Livni postpones ‘Jewish state’ vote, PM to present bill anyway

In latest intra-coalition spat, Netanyahu says discussing proposed law is ‘important for the future of the Jewish people in Israel’

Justice Minister Tzipi Livni seen in the Knesset on November 12, 2014. (photo credit: Miriam Alster/FLASH90)
Justice Minister Tzipi Livni seen in the Knesset on November 12, 2014. (photo credit: Miriam Alster/FLASH90)

In the latest sign of cracks in the governing coalition, Prime Minister Benjamin Netanyahu announced Sunday that he would override Justice Minister Tzipi Livni’s surprise decision to abruptly cancel mid-session a ministerial debate on a contentious bill that would enshrine Israel as a Jewish state.

The prime minister stressed that the bill would not be presented to the Ministerial Committee for Legislation for a second time as Livni wished, and would instead be debated next week by the full government cabinet, which has the authority to forward legislation to the Knesset plenum for vote.

“The State of Israel is the national homeland of the Jewish people,” Netanyahu said following Livni’s cessation of the ministerial debate, according to the Walla news site. “This is a matter of principle, and it is important for the future of the Jewish people in Israel.”

Livni, whose Hatnua party’s six MKs sit in Netanyahu’s 68-member coalition, halted the debate following a request by Science, Technology and Space Minister Yaakov Peri, who during the session urged the committee members to reconsider voting on the proposed law due to the “volatile situation in the Arab sector,” apparently referencing the sporadic riots which broke out in several Arab Israeli communities across the country over the past week.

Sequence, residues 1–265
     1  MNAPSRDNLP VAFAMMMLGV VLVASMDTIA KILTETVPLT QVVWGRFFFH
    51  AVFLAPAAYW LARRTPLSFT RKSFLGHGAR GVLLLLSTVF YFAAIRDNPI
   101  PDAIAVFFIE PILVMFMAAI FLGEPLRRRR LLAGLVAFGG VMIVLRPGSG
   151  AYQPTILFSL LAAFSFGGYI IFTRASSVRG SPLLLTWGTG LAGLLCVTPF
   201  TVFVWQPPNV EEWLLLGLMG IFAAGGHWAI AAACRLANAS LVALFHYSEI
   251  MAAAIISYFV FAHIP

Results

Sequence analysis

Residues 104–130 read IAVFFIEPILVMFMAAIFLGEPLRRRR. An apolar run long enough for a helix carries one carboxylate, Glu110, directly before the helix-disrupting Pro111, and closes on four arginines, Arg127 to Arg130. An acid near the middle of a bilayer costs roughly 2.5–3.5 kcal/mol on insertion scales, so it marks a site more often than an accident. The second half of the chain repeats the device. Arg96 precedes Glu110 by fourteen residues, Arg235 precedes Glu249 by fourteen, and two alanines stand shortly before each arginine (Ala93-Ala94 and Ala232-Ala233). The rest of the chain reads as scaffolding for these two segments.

“Discussing the law at this time is irresponsible and therefore I would like to postpone the hearing,” he said.

Livni said her role as chair of the Ministerial Committee for Legislation allowed her to postpone the debate, adding that she planned to continue working toward strengthening Israel’s democratic character. “I have not given up on democracy,” she said. “I will continue to fight so that Israel will be both a Jewish state and a democratic state. That is the basis of Zionism.”

Housing and Construction Minister Uri Ariel in Jerusalem on September 22, 2014. (photo credit: Yonatan Sindel/Flash90)
Housing and Construction Minister Uri Ariel. (photo credit: Yonatan Sindel/Flash90)

Housing Minister Uri Ariel, of the Orthodox-nationalist Jewish Home party, retorted to Livni’s move by blurting out, “That’s sabotage,” Army Radio reported.

Coalition chairman Ze’ev Elkin, who had proposed the bill, asserted later that Livni had attempted “a stinking maneuver,” accused some coalition members of acting “utterly illogically,” and said that evidently the internal coalition friction would ultimately force the collapse of the coalition and elections.

Chairman of the Foreign Affairs and Defense committee MK Ze'ev Elkin (Likud) speaks during a session, on September 3, 2014. (photo credit: Yonatan Sindel/Flash90)
Coalition chairman MK Ze’ev Elkin (Likud). (photo credit: Yonatan Sindel/Flash90)

Earlier on Sunday, Netanyahu offered his support for the controversial bill, though he said revisions would need to be made before the proposed legislation fulfilled its goal of lending “balance” to the judicial system.

A ministerial debate on the measure, which seeks to anchor in law Israel’s definition as a Jewish state in the country’s Basic Laws, was scheduled for Sunday afternoon. The version that was to be discussed by ministers Sunday, before the justice minister postponed it, also reportedly defines Israel’s democracy as subservient to its Jewish character and demotes Arabic from its status as an official language.

“Israel is a Jewish and democratic state,” Netanyahu said at the weekly cabinet meeting.